Photo: ROOT Sports Rocky Mountain
The Los Angeles Angels were up 10-7 against the Colorado Rockies in the bottom of the ninth Sunday when reliever Scott Downs came in to close out the game.Downs gave up a double and RBI-single to start things off and make it 10-8 Angels. Then the Rockies best hitter, Carlos Gonzalez, came up to bat with a runner on first and nobody out.
Three pitches later CarGo hit a line drive right at Downs, resulting in a double play that basically ended the late game rally.
But the only reason why it was a double play is because home plate umpire Greg Gibson ruled CarGo’s line drive to Downs a “no catch” after Downs dropped it.
Replay later showed what appeared to be a drop on the transfer from his glove to his throwing hand. NOT on the catch. Therefore, the call probably should’ve been out and CarGo had good reasoning for not running hard down the first base line. He thought he was out already.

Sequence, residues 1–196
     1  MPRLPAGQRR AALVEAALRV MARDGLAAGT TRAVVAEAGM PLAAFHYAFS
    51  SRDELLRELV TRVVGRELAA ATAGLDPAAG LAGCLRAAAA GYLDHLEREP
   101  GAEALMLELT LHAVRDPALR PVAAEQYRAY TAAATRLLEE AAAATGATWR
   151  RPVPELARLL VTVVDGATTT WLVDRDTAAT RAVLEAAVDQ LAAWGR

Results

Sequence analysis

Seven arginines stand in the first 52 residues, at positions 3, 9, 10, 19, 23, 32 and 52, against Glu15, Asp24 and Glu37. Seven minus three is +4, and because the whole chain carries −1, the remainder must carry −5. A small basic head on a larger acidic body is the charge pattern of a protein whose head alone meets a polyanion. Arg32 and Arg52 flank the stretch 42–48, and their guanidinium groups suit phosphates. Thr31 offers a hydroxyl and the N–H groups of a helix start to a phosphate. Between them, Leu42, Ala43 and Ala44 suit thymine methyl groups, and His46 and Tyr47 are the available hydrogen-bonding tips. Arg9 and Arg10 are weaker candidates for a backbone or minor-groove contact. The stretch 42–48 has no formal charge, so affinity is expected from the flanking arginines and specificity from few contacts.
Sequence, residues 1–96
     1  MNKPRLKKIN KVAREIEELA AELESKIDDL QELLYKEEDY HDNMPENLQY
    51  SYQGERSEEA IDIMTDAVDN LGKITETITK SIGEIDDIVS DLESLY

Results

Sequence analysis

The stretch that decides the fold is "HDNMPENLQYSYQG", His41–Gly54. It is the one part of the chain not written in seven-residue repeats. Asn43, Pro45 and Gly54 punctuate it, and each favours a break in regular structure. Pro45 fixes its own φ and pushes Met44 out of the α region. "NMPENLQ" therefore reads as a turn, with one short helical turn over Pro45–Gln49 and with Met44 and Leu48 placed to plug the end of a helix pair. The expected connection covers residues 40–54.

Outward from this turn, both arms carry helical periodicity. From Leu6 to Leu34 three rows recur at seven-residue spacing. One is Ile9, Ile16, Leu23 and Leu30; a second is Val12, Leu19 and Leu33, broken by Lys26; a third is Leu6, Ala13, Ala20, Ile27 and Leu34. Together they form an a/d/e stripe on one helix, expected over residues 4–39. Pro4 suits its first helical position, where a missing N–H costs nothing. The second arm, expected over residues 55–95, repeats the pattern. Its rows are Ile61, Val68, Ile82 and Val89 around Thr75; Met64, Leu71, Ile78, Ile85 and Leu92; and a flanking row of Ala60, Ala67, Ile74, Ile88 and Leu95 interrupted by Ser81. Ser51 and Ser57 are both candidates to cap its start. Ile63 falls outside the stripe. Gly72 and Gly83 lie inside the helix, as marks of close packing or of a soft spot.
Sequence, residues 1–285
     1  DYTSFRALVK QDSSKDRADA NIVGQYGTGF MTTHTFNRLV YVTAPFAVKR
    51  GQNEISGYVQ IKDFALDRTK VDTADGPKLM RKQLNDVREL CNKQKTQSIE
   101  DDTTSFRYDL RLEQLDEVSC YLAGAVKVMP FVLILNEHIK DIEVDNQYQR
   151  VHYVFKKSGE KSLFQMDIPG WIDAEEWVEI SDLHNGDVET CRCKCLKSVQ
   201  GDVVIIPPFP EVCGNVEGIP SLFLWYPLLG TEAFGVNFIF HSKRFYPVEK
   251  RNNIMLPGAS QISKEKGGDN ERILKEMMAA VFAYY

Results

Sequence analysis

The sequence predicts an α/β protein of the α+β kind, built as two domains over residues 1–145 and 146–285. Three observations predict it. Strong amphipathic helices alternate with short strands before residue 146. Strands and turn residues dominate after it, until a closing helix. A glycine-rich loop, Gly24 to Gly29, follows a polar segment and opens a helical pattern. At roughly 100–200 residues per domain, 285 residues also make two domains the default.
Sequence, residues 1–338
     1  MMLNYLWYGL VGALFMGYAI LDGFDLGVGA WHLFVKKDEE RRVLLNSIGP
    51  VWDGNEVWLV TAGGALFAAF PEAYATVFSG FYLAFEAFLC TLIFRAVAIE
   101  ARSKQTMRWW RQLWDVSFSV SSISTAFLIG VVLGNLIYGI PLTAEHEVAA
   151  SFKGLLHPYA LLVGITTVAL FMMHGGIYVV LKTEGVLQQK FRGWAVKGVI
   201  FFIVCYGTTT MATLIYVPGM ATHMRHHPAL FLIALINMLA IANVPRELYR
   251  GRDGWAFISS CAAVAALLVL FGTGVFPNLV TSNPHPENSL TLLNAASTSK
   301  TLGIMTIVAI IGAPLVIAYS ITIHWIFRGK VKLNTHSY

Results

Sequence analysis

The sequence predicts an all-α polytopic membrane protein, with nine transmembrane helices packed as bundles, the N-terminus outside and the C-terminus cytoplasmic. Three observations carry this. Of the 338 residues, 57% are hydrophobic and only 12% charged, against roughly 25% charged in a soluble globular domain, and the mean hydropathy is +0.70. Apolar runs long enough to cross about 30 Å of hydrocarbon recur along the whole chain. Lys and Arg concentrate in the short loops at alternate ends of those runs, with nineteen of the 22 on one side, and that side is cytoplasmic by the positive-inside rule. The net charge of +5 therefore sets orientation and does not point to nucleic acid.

Regardless, the “no catch” rule made the double play possible. For all intents and purposes, it ended any hopes the Rockies had of a comeback or avoiding the three-game sweep. The play also got an angry Jim Tracy (Rockies manager) ejected from the game.
Simply requesting help from another umpire on the field, or even better, looking at the replay probably would’ve correctly reversed the call and kept the rally going.
Colorado Rockies left fielder Carlos Gonzalez came up to bat down two runs, with a runner on first and nobody out
On the third pitch of the at-bat Gonzalez lined a bullet straight at Los Angeles Angels pitcher Scott Downs
After already making the catch (notice the home plate umpire hasn't made a call), Downs began to transfer the ball to his throwing hand to try to double up the runner on first
Gonzalez thought, probably correctly, it was a line drive catch the whole way so he didn't run down the line
Two batters later the inning was over and the Rockies had lost both their chance at a late-inning rally and the game
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